“Son Approved” Meatloaf

meatloaf in cast iron pan

Piping Hot Meatloaf Right Out Of The Oven

As some of my acquaintances know, I often don’t use a recipe. And even when I do use a recipe, to me it’s a “guideline” most of the time. For example, a recipe that calls for one clove of garlic, well… I’m more likely going with two or three! Some recipes that don’t have garlic on the ingredient list – when I’m cooking, garlic just might be added anyhow!

Meatloaf is not much different – never really followed an exact recipe, but tonight my son David thought meatloaf for dinner sounded good after several days in a row of turkey. So, I decided I would sort of keep track of what and how much of the ingredients I put into it.  Interestingly, my son thought it was one of the best meatloaf dinners that he’s ever had. His plate was pretty full as it was to start with, but he had seconds of the meatloaf. Thankfully, there’s enough left over that we can have it for lunch tomorrow as well.

Just like the banana bread, I like to bake meatloaf in my Lodge cast iron loaf pan. It’s big enough for the two of us, and with leftovers for the next day. But if I was cooking this for a larger group, I’d likely to have purchase more of the Lodge cast iron pans or resort to the larger size standard sandwich bread loaf pan.

Of course, you can do all sorts of things with meatloaf and I’m sure what I do is pretty standard, but for those that want to know pretty close to what I do, here it is:


  • 1 lb. approximately unfrozen ground beef (sometimes referred to as mince or mince meat)
  • 1 Medium sized onion, finely chopped (by the way, if you want to learn the best way to dice onions using a Chef knife, check out this free Complete Knife Skills Course with Brendan McDermott. (Yes, it’s FREE!).
  • A single stalk of celery (sometimes called rib as opposed to the whole “head” of celery) – finely sliced.
  • One full “bunch” of Green Onions, finely sliced.
  • 4 Garlic Cloves – minced.
  • 2 Teaspoons Himalayan Salt (Why Himalayan? Well… why not? It’s good!)
  • 1 Teaspoon ground Cardamom (This is enough to give a “hint” of cardamom to the finished meat loaf. You could use more).
  • 1 Teaspoon or so of ground black pepper
  • 1 Tablespoon Lea & Perrin’s Sauce (Worcestershire Sauce)
  • 1/3 Cup of Ketchup (but also more for later on, as a “glaze” over the meatloaf before you put it in the oven. See method.)
  • 2 Eggs – Beaten
  • 1 Cup approximately Bread Crumbs.
  • Butter (How much? I dunno… you’re going to do some sauteing so read the method and add what you need! 🙂 ).


Grease loaf pan, put it in the oven to heat while the oven is pre-heating to 350F.

Prepare the onion, celery, garlic and green onions. Heat up a skillet and melt butter so it covers the surface of the skillet. Saute the onion, celery, garlic and green onions for several minutes.  If you need more butter, add more butter. Start with a tablespoon. I am sure I use more than that, however.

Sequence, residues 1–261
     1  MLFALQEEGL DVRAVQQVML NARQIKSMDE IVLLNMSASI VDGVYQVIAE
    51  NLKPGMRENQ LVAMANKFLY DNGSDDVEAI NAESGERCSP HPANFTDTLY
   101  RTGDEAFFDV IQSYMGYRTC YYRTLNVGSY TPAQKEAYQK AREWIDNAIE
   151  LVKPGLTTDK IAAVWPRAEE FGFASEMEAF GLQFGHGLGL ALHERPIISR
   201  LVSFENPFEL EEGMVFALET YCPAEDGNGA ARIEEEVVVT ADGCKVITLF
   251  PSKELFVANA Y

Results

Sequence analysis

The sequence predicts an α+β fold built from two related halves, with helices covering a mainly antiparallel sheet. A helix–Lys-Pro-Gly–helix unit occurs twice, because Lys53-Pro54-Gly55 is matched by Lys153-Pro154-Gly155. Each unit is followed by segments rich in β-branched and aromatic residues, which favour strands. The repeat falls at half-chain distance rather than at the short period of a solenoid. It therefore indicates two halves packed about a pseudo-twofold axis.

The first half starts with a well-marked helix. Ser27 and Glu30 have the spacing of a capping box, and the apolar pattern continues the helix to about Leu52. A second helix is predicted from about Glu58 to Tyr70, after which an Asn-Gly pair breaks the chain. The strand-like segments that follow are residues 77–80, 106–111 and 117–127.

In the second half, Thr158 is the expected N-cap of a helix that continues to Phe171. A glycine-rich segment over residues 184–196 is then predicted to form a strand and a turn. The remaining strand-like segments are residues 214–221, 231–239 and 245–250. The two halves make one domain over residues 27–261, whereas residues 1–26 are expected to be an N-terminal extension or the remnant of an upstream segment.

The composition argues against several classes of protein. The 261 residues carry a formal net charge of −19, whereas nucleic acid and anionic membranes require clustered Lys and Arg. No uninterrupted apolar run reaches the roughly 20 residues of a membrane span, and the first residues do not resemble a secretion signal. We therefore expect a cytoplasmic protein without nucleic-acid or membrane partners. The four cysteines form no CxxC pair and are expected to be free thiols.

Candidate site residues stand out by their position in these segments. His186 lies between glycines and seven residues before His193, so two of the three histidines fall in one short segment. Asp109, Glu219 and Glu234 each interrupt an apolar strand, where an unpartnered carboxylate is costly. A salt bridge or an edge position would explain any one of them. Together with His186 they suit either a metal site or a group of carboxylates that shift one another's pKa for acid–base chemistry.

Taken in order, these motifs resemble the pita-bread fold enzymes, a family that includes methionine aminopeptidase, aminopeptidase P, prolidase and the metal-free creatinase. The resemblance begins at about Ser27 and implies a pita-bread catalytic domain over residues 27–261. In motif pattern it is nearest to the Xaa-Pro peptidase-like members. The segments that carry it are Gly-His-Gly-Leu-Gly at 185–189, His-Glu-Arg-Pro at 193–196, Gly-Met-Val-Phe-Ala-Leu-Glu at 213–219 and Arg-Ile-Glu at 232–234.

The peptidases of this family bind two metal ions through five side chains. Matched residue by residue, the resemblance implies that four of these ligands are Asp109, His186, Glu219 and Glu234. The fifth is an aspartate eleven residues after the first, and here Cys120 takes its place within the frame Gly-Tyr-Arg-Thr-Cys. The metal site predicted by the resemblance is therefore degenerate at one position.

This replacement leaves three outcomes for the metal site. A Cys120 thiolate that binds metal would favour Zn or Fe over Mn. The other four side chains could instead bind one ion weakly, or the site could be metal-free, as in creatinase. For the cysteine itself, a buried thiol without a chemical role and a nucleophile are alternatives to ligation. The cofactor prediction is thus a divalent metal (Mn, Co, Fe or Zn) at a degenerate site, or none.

Add Ketchup, salt, pepper and cardamom to the vegetables.  Stir well, cook a few minutes longer and then remove from the burner and allow to cool.

In a bowl, add the ground beef and eggs. Then using a spatula, add the vegetable mixture to the bowl. Mix these ingredients well then slowly mix in the bread crumbs. Depending on how moist the mixture is, you may want to use a bit more – or less – of the breadcrumbs. I found a cup was perfect, this evening.

You want a fairly stiff mixture that you are going to scrape out of the bowl, using a spatula, into the loaf pan.  Press the mixture into the pan, and form a smooth top with the spatula.

Add more ketchup – enough to cover the ground beef mixture entirely – over the meatloaf. You just want a fairly thin coating of ketchup covering it all.

Bake in the pre-heated oven for 1 hour.

meatloaf slice

Moist and tasty meatloaf slice…

When you remove the meatloaf, set aside the pan on a surface where you can allow the meatloaf to sit for a good ten minutes. Although it will be smelling oh so very good, and you’ll be tempted to try to remove it from the pan and eat it right away, don’t. It needs ten minutes of cooling to set. So take those ten minutes to mash your potatoes and steam your broccoli and spinach (which is what we had, as well as carrots), or go set the table.

If you follow the above ingredients and method fairly close, you will have a very tasty and moist meatloaf that will be “kid approved!” And adults will enjoy it as well.

Additional Comments:

1. Meatloaf is one of those things that you can have lots of fun with and play around with spices, herbs, and many ingredients. However, if you have children, you have to bear their tastes in mind, and what they are expecting. I have all kinds of ideas that I want to try in a meatloaf, but I’m not going to do it when my son is hungry and he is looking forward to something he is familiar with.. although I do love to introduce him to new tastes and experiences in food – but in those cases, I am always prepared to fall back on something in case his first taste is so not what he was expecting, that he may “think” he does not like it.